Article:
Views: 16 Author: Site Editor Publish Time: 2022-10-08 Origin: Site
Both commercial brewers and homebrewers are doing their best to reduce the oxygen content in the finished beer. The oxygen in the finished beer will destroy the long-term stability of the beer’s flavor and clarity, as well as cause peculiar smells. The oxidized beer will show a paper peculiar smell or even a sweet stone fruit smell.
Oxygen In Fermentation And Finished Beer
Before the fermentation process, oxygen is usually a good thing. Enough oxygen is needed during the fermentation process to allow the yeast to grow healthily. This is why many brewers aerate the beer before adding the yeast. Unless you use pure oxygen, it is difficult to over-oxygenate the wort before fermentation. In the early stage of yeast growth, the yeast actually removes all the oxygen in the beer and uses it to grow and expand.
But, after the yeast starts to ferment, oxygen is usually considered a pollutant. When oxygen enters the fermented beer, it may spoil the beer within 24 hours. Even a small amount of oxygen is not good for the finished beer, it will quickly destroy your beer, and it will also damage the long-term flavor stability of the beer. Also, the clarity of beer with free oxygen will be affected. Because oxygen will interact with the polyphenols and tannins in beer, resulting in cold fog in the beer, and eventually a permanent haze in the beer.
After the fermentation is completed, a protective layer of carbon dioxide heavier than air is placed on the beer to prevent the beer from oxidizing. If you don’t shake the fermentation tank, then this protective layer will protect the beer from oxidation. For home brewers, it is very easy to introduce oxygen when transferring beer from one container to another and bottling or barreling. Excessive splashing during the transfer process, siphoning or leakage of the brewing system, etc. may cause excessive oxygen.
How Is Papery Off-Flavor Formed In Beer?
The main compound that causes papery off-flavor is trans-2-nonenal. Because the amount of dissolved oxygen present in the packaged beer is usually high, storage at high temperatures (above 40℉) for any time will usually develop this flavor in the package.
The more oxygen the beer is exposed to, the faster the oxidation will destroy the beer. Colder storage temperatures will slow down the process. If you do not handle your beer properly, for example, if your storage temperature is high, you will notice an increase in oxidation.
Unsaturated fatty acids in wort can also react with oxygen to form carbonyl compounds, which are oxidized flavor compounds. Generally, these carbonyl compounds bind to proteins during boiling. This is not a big problem, but further oxidation will cause these bonds to break and increase the carbonyl compounds and oxidized flavor in the beer.
How To Cut The Production Of Papery Off-Flavor?
To avoid papery off-flavor is to avoid oxygen in the finished beer as much as possible. A simple strategy is to avoid diverting your beer as much as possible. Many winemakers choose to skip the secondary fermentation altogether and bottle directly from their fermentation tanks. Commercial brewers use conical fermentation tanks so they can remove excess yeast and sediment without transferring beer. For commercial brewers, it is also a very good idea for commercial brewers to use food-grade wort pumps to transfer the beer to bright tanks and to conduct secondary fermentation.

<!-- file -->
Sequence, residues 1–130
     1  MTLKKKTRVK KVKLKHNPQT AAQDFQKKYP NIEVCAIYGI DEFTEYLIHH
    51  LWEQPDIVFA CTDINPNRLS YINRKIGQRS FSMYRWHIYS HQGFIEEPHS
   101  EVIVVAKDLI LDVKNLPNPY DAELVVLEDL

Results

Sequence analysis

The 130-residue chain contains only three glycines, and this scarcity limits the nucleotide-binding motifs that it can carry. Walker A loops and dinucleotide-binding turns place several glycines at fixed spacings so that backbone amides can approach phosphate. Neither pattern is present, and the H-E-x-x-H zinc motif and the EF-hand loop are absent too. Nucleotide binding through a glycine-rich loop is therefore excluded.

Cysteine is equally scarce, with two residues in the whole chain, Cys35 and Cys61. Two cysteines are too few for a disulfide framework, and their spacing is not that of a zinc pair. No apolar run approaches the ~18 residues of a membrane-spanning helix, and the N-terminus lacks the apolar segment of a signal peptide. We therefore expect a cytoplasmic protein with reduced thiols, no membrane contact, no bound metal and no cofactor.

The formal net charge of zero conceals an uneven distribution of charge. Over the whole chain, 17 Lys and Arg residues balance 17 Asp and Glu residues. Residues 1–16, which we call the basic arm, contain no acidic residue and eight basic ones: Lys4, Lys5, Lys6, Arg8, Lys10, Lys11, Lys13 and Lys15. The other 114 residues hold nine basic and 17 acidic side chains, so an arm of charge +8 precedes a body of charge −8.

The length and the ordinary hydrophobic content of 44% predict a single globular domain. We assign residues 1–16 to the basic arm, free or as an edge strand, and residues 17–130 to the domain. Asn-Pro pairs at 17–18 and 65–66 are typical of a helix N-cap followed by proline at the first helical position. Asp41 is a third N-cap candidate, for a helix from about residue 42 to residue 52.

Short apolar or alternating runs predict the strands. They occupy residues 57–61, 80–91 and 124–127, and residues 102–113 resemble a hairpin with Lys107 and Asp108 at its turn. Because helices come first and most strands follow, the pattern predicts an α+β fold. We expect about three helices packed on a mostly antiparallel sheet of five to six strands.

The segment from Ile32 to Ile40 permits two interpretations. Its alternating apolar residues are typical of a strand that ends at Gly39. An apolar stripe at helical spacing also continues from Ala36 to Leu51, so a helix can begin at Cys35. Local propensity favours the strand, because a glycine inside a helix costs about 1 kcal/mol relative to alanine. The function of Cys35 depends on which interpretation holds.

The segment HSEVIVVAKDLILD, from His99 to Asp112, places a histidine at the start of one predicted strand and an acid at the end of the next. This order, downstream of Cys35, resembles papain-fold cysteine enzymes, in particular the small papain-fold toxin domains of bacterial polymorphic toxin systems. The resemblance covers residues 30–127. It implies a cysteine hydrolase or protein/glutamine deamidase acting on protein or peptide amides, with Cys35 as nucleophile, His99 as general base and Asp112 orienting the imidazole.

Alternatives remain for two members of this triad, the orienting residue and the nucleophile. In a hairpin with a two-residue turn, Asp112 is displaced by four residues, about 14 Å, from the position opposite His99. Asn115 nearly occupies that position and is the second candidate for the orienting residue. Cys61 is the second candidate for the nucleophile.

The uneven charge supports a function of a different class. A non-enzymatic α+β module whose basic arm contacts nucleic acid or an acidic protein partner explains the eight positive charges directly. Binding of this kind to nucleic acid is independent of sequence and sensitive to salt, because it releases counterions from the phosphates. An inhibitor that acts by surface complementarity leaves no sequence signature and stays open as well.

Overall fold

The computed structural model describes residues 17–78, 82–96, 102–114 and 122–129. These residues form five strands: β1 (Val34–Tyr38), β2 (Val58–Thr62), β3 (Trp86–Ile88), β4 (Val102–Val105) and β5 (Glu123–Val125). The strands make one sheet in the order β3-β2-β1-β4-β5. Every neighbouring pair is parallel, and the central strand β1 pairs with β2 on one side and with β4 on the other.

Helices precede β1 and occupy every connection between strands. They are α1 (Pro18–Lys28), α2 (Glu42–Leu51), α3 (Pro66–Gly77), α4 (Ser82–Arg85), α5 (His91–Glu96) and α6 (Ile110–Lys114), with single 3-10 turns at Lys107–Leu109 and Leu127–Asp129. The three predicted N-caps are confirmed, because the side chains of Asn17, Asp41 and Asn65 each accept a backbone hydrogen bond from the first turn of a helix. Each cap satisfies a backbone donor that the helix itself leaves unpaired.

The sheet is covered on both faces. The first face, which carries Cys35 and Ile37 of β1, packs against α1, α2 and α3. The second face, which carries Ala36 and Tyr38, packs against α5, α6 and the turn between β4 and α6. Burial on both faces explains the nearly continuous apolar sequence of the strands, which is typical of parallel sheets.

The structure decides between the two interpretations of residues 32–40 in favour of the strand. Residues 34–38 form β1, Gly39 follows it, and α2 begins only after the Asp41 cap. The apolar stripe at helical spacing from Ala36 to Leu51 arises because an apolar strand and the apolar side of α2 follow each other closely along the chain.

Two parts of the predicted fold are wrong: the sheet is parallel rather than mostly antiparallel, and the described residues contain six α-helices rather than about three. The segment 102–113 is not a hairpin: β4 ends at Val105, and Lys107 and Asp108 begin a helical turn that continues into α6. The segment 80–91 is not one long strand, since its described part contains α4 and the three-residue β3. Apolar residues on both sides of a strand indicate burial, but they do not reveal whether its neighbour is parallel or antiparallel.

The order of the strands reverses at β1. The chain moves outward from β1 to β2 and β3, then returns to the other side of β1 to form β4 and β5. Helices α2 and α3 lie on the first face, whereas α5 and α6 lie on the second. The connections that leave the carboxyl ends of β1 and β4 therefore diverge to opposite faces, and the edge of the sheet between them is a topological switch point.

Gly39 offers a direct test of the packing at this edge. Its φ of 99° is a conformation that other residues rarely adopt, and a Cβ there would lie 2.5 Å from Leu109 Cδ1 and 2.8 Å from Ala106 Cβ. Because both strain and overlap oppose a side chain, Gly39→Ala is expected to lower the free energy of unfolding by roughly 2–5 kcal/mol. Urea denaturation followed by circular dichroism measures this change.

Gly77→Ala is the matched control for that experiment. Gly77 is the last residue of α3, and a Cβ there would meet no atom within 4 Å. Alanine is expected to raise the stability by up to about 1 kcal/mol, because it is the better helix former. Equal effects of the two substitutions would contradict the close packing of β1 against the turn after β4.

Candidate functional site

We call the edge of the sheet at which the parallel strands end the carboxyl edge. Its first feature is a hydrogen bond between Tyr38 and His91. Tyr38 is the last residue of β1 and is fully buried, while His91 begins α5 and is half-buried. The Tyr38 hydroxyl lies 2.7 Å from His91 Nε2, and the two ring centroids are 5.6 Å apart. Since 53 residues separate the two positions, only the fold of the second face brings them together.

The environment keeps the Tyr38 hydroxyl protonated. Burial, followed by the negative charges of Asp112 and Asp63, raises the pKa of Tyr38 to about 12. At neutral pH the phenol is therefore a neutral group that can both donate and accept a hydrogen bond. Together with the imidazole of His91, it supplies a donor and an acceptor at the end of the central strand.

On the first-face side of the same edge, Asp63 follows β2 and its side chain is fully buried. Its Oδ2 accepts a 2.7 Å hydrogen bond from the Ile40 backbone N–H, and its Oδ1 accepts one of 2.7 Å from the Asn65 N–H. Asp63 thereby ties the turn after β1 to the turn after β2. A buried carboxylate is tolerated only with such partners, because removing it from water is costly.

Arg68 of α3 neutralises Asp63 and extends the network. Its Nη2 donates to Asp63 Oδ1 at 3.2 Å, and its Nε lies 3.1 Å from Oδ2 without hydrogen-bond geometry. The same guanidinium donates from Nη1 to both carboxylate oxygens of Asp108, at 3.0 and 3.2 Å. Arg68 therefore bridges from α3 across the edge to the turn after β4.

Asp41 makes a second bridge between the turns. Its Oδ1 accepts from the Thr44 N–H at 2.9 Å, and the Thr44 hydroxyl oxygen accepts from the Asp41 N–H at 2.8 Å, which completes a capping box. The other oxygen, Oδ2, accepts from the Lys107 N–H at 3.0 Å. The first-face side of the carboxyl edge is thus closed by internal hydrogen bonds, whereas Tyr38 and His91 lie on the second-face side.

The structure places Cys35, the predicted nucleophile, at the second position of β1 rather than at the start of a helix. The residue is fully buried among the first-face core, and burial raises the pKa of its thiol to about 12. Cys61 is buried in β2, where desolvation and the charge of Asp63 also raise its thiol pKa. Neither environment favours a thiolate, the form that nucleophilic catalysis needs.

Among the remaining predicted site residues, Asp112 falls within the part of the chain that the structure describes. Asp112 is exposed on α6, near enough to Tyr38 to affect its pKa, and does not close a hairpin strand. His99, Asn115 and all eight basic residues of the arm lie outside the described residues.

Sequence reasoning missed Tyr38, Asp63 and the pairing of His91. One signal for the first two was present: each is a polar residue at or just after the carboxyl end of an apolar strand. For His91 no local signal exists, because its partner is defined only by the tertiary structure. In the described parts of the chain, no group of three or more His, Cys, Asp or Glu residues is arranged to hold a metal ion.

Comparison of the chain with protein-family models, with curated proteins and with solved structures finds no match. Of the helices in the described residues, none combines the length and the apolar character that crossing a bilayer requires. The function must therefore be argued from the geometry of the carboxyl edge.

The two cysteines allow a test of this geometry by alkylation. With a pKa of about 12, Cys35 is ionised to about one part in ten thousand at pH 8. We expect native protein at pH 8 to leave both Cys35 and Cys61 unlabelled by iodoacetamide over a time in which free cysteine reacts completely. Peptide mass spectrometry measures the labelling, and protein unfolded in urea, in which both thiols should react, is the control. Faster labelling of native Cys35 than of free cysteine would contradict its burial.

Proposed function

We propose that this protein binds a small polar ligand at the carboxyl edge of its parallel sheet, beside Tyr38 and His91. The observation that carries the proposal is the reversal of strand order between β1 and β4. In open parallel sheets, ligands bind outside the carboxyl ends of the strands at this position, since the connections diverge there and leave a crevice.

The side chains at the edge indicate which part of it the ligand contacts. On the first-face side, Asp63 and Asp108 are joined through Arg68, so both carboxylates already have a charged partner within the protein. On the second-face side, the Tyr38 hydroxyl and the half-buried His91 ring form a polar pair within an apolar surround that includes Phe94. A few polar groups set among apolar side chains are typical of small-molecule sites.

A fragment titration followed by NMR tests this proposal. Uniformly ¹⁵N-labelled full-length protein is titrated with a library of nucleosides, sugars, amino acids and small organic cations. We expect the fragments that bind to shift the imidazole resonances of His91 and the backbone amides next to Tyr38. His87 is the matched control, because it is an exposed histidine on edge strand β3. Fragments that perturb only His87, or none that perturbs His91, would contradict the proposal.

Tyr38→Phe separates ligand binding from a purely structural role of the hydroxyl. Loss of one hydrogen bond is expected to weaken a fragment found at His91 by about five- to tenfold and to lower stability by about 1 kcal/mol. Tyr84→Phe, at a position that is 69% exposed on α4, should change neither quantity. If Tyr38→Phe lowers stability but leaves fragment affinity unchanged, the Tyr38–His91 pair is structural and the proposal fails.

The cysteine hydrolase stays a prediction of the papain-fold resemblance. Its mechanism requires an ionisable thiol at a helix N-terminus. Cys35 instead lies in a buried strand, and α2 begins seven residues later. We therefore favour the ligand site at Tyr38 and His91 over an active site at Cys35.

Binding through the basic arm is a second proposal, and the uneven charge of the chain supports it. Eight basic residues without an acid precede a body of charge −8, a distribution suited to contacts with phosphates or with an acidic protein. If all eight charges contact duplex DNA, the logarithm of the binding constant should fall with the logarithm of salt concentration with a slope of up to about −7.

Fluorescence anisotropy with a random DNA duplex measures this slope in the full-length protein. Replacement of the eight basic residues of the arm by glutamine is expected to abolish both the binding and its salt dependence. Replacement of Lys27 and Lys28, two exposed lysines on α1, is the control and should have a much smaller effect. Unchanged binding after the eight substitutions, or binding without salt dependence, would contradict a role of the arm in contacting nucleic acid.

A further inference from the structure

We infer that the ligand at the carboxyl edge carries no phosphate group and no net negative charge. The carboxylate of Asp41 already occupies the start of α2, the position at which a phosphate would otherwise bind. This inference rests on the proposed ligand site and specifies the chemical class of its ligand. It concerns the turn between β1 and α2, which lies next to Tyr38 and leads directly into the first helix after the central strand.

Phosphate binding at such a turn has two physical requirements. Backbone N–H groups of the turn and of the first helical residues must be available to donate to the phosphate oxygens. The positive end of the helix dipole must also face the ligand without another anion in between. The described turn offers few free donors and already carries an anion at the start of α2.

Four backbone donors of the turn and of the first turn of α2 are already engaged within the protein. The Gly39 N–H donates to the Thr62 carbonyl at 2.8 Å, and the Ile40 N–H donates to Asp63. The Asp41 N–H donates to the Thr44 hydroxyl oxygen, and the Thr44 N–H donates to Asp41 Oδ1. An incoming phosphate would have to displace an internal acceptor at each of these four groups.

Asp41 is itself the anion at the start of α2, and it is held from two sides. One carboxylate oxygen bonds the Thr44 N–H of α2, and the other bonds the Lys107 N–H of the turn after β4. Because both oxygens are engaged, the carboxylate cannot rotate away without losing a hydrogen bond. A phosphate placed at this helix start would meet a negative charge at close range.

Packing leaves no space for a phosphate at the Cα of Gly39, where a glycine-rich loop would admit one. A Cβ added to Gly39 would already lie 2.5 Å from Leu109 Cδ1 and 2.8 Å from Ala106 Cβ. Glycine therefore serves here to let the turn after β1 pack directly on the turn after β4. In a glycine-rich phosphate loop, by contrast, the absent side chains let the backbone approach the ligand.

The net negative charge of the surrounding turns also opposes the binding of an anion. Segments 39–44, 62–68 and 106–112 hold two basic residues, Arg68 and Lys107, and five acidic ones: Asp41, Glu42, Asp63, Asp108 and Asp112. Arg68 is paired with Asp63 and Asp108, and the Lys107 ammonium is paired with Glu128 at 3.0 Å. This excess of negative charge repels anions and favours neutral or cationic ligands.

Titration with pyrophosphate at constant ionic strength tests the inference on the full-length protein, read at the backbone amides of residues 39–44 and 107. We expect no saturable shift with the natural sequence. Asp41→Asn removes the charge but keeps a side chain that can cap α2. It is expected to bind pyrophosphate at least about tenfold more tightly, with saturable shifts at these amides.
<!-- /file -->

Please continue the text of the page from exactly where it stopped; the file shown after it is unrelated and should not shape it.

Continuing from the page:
Also, if you want to ferment or store beer for a long time, please use a suitable oxygen-blocking container. Glass and metal are good oxygen barriers, so if you plan to store beer for a long time, use glass or stainless steel fermentation tanks. Plastic is breathable to a certain extent, and oxygen can enter beer through the molecular distance of the plastic. So, plastic fermentation tanks should not be used to store or ferment beer for a long time.
Splashes generated during transfer and bottling are also important sources of oxygen. When a poorly sealed automatic siphon device is siphoning, it usually sucks in oxygen through the seal. This can be seen as a bubble in the attachment of the siphon seal. If your automatic siphon is leaking, you should discard it or add sterile water to the seal to absorb water instead of air when needed. For commercial breweries, it is necessary to pay special attention to whether the equipment is leaking. If there is a leak, the brewing needs to be stopped, and the brewery equipment should be inspected and maintained.
When filling the barrel, you need to cut splashing and use CO2 for a good purge after filling the barrel. You can do this by holding the keg upright and simply releasing the pressure relief valve a few times when opening the gas. The heavier CO2 will replace the oxygen in the keg, thereby protecting your beer.
When bottling, you should try to keep the headspace to a least (usually an inch or so is enough). Avoid splashing beer when filling, and if possible, use oxygen bottle caps. Also be sure to carefully adjust and check the caps on some bottles, because even a small leak can make your beer under carbonate and oxidize.
It is very difficult to remove all oxygen from beer, especially during the packaging process. Under normal circumstances, brewers and packaging line operators need to review their processes and ensure that the oxygen content is minimal. The easiest and most important way to avoid oxidation is to store beer properly at low temperatures. Oxidation is a thermodynamically driven process, and temperature plays a vital role in the shelf life of beer. Keep beer cold for longer storage time—for every 10°C/18°F increase in storage temperature, the freshness will decrease by 2-4 times.